Searching for God’s Rest

I’m in a funk. I am exhausted but I can’t sleep. I have things to process but I don’t want to think. I have places to be, but I don’t want to go anywhere. I don’t want to talk to anyone and I don’t want to go on…

This was me mid-June. By that time, I felt like I was just going through the motions. I had made it through a busy year, but I didn’t know how to continue. I was exhausted in every way – emotionally, physically, and spiritually. Problem is, it wasn’t the first time in my life that I’d found myself in such a state. In fact, the feeling is all too familiar. When I’ve pushed myself too far, I tend to start withdrawing emotionally while continuing to go through the motions, so people may think I’m okay. In fact, I may even think I’m okay! Until I break down physically.

So this is the first time in my life that I put the brakes on before I crashed. Every other time, I would continue down this road and then wake up in a hospital bed. I remember once feeling absolutely relieved to be in that hospital bed because it meant that I couldn’t continue to go through the motions anymore. However, spending time in the hospital does not provide the true rest that my body needs (what with nurses coming to take my blood at all hours of the night!) nor was it the place for emotional and spiritual recovery. It was merely recovery from being overworked and, essentially, self-abused. As soon as I had enough energy, I would be back in the race of life (I’ve even being yelled at by nurses for this!).

It’s been a few years since it got that bad, so it seems as though I’ve learned a thing or two about adding more space to my schedule and more room to breathe. I would always say, “I do sleep at least a little every night, er, most nights!” And that is how I defined rest. So I can honestly say that until this year, I have not really understood how Biblical rest applies to me personally. Toward the end of 2011, God impressed upon my heart the need to learn what rest really means. So I took a big step and blocked out four weeks of the summer, went to a location where I knew no one, with no agenda, and asked God what he wanted to show me about rest. Well, first I simply slept for a few days (actually it took me a while to learn how to sleep again!). Then I learned to be still before the Lord, and hear from him. The lessons are many, but here is a bit of what I learned as it relates specifically to rest.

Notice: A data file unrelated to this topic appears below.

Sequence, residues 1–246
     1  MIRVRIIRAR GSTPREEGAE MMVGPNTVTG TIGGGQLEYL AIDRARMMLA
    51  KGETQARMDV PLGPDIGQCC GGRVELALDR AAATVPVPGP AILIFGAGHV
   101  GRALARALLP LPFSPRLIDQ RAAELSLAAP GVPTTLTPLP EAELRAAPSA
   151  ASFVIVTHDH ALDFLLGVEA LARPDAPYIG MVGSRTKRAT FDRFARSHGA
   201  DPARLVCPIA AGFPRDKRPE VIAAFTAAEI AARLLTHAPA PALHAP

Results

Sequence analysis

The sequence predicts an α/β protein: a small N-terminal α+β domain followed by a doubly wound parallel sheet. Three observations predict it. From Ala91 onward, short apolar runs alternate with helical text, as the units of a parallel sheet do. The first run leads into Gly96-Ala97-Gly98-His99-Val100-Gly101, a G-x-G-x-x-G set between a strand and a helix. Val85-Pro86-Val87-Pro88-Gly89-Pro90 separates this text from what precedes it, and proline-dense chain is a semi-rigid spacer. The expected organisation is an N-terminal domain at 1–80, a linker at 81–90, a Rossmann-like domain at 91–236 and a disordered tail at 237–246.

First, I think that there are many illusions of rest in our lives. It’s possible to carve out a lot of time for things that seem restful but aren’t truly restful or sufficiently restful. For example, sleeping every night is a form of rest, but it is a necessary daily rest that is needed in order to function from day to day. It is also perhaps the form of rest that is most severely abused. How often do we really get sufficient rest on any given night so we can function to the best of our ability the next day (which I guess might mean waking up without an alarm clock and being alert without coffee)? Although I don’t work graveyard shifts anymore like I did in college, I still find that my nights are often cut short for one reason or another.

Another form of false rest could be, for example, watching television. Because of my driven nature, I couldn’t bring myself to even engage in this activity until the last few years. However, following the example of others, I started to come home sometimes, feeling exhausted, and figured that watching a movie or TV show would help me “unwind.” While I think this activity can have it’s place, it became for me more of an escape, because by watching television, I didn’t have to face life’s complications (which at times I really needed to do). It can be relaxing, but it’s not the kind of rest that God offers to us. Along the same lines, procrastination is not true rest, either (if nothing else it adds more stress in the long run).

Taking vacation can be restful, but “vacation” does not necessarily equal rest. A few years ago I went on a road trip with a friend. We covered a lot of ground in a short time, had many early mornings, hit as many attractions as possible and spent a lot of time walking and hiking. When I returned home, I was more exhausted than before I left. Yet I was applauding myself for finally taking a “real” vacation! While it was a fun and interesting trip, it could not be equated with the true rest that God intends for us.

The theme of rest in the Bible is extensive and is covered from Genesis (God rested on the seventh day – Gen 2:2-3) to Revelation (the dead will rest from their labor – Rev 14:13). Much of Scripture’s storyline involves rest. God instituted the seventh day to be the Sabbath rest for his people (Ex. 31:15), the Temple was God’s resting place (Ps 132:8, 14) and God was leading his people into a land of rest (Deut 12:8-11). The theme continues throughout Scripture with more instructions along the way and our eternal promise as believers to enter God’s rest (Heb 4). This summer, God has helped me to better understand the following six lessons about rest.

1. Rest is a gift from God

God promised to give rest to the Israelites throughout their journey from Egypt to the Promised Land (Ex 33:14). Jesus also promises rest to all who come to him (Matt 11:28-30). Yet because it is a gift, it can either be accepted or denied. The Israelites did not enter God’s rest because of unbelief (see Hebrews 4). We can only benefit from this gift if we accept it.

2. Rest is found in the presence of the Lord